Val Verde got into trouble by independently borrowing $89 million to cover cost overruns on state-funded projects.
District officials said they had to borrow the money because state grants were inadequate. But officials criticized the district's spending on locker room whirlpools, large weight rooms and elaborate sports stadiums.
The State Allocation Board, which oversees the distribution of school construction money, ruled this week that the funds Val Verde borrowed should have been deducted from the aid that Val Verde was getting from the state. In at least one instance, the district also failed to notify the state that it had borrowed some of that money — one of the issues under investigation.
"They are no longer eligible to participate in the [financial hardship] program," Hicks said. "They have too much money."
Supt. C. Fred Workman said the State Allocation Board's action meant the district must now delay the construction of at least two projects — SoutheastHigh School and PerrisWest EndMiddle School — as it scrambles to find money to pay its 50% share of new construction.
The delay will lead to major overcrowding at RanchoVerdeHigh School, Workman said. The school is already exceeding its 3,700-student capacity and is expected to have 6,000 students by 2010. The school is already using 45 portable buildings, he said.
"The growth is not going to go away," Workman said.
This month, the district sued state officials in Riverside County Superior Court, contending that state grants were inadequate and that schools in financial hardship should get enough aid to build schools equivalent to those in wealthier districts.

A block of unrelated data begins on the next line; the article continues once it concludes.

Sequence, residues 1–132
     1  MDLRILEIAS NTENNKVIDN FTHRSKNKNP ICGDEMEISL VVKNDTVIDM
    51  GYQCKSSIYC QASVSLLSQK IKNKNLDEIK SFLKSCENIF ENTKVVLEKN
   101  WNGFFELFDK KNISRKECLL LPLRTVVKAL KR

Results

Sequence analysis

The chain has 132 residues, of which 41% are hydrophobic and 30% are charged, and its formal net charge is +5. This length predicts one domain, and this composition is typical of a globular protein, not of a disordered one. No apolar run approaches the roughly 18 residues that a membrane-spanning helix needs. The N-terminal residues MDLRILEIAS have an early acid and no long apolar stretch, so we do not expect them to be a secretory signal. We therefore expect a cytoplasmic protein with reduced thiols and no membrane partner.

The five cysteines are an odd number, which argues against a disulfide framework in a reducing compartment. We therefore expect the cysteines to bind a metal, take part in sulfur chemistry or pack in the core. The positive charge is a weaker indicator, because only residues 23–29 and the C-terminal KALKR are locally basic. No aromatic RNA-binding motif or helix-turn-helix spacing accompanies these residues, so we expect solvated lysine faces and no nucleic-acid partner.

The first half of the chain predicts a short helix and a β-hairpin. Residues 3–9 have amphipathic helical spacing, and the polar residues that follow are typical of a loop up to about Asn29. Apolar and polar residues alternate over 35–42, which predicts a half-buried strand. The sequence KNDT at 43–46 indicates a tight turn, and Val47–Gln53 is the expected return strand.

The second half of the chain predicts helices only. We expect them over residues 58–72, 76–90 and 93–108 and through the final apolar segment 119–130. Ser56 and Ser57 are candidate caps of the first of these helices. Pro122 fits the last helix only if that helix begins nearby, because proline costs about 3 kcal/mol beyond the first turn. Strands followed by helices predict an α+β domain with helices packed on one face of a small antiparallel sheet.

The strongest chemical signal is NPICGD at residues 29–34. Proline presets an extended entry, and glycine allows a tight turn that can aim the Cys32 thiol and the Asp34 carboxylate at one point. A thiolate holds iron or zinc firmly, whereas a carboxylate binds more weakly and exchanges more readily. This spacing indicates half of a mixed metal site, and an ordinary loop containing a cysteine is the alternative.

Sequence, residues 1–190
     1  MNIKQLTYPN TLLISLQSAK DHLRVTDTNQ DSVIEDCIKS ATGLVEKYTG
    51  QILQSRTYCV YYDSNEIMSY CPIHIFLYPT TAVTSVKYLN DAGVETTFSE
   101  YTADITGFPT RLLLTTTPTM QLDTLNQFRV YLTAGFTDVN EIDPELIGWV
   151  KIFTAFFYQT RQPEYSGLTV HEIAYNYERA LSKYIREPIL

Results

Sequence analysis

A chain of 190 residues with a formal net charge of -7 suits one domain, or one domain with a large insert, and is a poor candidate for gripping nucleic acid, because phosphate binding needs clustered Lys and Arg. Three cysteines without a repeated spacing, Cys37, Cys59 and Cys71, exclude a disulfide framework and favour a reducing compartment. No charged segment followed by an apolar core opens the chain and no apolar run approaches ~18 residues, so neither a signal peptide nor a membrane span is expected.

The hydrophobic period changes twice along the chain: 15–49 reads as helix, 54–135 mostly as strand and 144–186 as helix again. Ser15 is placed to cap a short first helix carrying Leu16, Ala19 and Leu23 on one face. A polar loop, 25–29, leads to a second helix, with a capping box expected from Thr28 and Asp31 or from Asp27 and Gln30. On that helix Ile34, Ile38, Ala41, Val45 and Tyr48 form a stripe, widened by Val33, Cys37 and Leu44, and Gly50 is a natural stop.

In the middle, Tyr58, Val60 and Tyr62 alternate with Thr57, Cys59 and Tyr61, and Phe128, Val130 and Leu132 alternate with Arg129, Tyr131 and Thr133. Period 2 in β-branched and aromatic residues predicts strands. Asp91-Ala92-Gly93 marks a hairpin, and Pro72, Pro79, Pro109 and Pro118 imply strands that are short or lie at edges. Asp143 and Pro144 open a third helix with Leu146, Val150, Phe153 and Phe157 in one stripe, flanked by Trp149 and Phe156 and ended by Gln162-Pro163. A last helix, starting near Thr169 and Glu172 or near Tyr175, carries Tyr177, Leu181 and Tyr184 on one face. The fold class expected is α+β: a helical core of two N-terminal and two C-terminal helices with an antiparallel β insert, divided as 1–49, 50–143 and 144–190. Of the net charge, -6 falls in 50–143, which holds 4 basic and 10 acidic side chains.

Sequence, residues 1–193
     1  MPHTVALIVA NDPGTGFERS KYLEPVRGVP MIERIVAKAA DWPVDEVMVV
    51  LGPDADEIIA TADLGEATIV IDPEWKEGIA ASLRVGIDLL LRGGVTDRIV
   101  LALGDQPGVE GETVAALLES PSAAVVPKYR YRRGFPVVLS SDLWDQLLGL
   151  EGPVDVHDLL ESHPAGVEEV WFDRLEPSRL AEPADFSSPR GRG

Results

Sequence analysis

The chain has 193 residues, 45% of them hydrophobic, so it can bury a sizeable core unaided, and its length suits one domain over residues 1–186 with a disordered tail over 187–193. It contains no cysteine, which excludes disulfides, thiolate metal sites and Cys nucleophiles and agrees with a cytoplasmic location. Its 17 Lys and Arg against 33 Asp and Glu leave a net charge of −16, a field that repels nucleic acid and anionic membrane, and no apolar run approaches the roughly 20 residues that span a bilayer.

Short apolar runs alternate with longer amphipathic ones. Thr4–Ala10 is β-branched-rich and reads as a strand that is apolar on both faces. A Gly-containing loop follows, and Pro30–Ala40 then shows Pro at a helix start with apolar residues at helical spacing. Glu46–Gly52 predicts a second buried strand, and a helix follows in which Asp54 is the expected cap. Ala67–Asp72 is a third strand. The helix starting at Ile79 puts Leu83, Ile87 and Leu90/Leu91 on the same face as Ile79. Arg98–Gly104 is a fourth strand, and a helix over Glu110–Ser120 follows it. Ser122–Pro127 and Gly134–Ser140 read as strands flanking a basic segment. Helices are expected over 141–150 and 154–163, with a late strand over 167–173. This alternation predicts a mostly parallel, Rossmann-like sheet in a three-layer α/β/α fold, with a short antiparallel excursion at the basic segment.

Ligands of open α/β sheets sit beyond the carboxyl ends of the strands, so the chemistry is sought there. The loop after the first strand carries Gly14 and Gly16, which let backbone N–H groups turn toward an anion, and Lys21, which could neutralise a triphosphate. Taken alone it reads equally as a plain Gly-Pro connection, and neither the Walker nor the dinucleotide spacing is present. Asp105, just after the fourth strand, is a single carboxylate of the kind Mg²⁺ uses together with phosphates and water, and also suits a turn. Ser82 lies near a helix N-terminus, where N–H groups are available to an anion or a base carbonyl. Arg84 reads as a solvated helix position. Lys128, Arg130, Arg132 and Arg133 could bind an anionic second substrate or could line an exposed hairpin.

"We don't believe there was any material inaccuracy" in the financial records presented to the state, said Jonathan Mott, the school district's attorney. "It's a distraction to the board from the real issue that Val Verde is bringing up, which is that state grants are inadequate."
THE LATEST ON THE CALIFORNIA BUDGET FROM SENATOR PERATA
By Don Perata, President pro Tem | California State Senate
from California Progress Report.com
July 27, 2007— We are more than three weeks into the budget year which began July 1st, but have no 2007-08 state budget. I thought you would appreciate an update on the continuing negotiations.
The Legislature has spent months preparing a budget and we need to pass one immediately. Democrats have made all the cuts we can and support the budget plan passed by the Assembly and backed by the Governor. Senate Republicans are demanding more than their Assembly counterparts and our Republican Governor.